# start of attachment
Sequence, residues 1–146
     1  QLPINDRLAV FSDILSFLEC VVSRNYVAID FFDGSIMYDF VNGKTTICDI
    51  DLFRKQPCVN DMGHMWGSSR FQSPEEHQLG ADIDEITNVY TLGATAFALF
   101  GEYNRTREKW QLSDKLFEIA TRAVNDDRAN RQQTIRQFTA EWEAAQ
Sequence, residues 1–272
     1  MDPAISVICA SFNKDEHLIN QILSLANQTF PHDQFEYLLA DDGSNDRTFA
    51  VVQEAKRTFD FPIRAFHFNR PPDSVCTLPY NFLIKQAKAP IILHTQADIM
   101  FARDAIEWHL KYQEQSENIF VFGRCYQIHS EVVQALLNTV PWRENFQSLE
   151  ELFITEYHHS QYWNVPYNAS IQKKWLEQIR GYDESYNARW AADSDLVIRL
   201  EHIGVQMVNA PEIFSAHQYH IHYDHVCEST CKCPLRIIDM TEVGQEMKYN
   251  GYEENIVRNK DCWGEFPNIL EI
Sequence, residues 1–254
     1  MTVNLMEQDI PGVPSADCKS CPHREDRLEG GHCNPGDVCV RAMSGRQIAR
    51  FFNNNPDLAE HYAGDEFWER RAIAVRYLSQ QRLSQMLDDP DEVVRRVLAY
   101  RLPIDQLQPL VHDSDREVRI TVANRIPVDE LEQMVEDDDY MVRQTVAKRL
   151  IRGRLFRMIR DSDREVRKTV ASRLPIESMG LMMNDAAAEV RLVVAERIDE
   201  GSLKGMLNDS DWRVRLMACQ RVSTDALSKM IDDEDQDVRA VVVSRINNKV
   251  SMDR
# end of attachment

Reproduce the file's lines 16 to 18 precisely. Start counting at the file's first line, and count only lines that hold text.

   151  IRGRLFRMIR DSDREVRKTV ASRLPIESMG LMMNDAAAEV RLVVAERIDE
   201  GSLKGMLNDS DWRVRLMACQ RVSTDALSKM IDDEDQDVRA VVVSRINNKV
   251  SMDR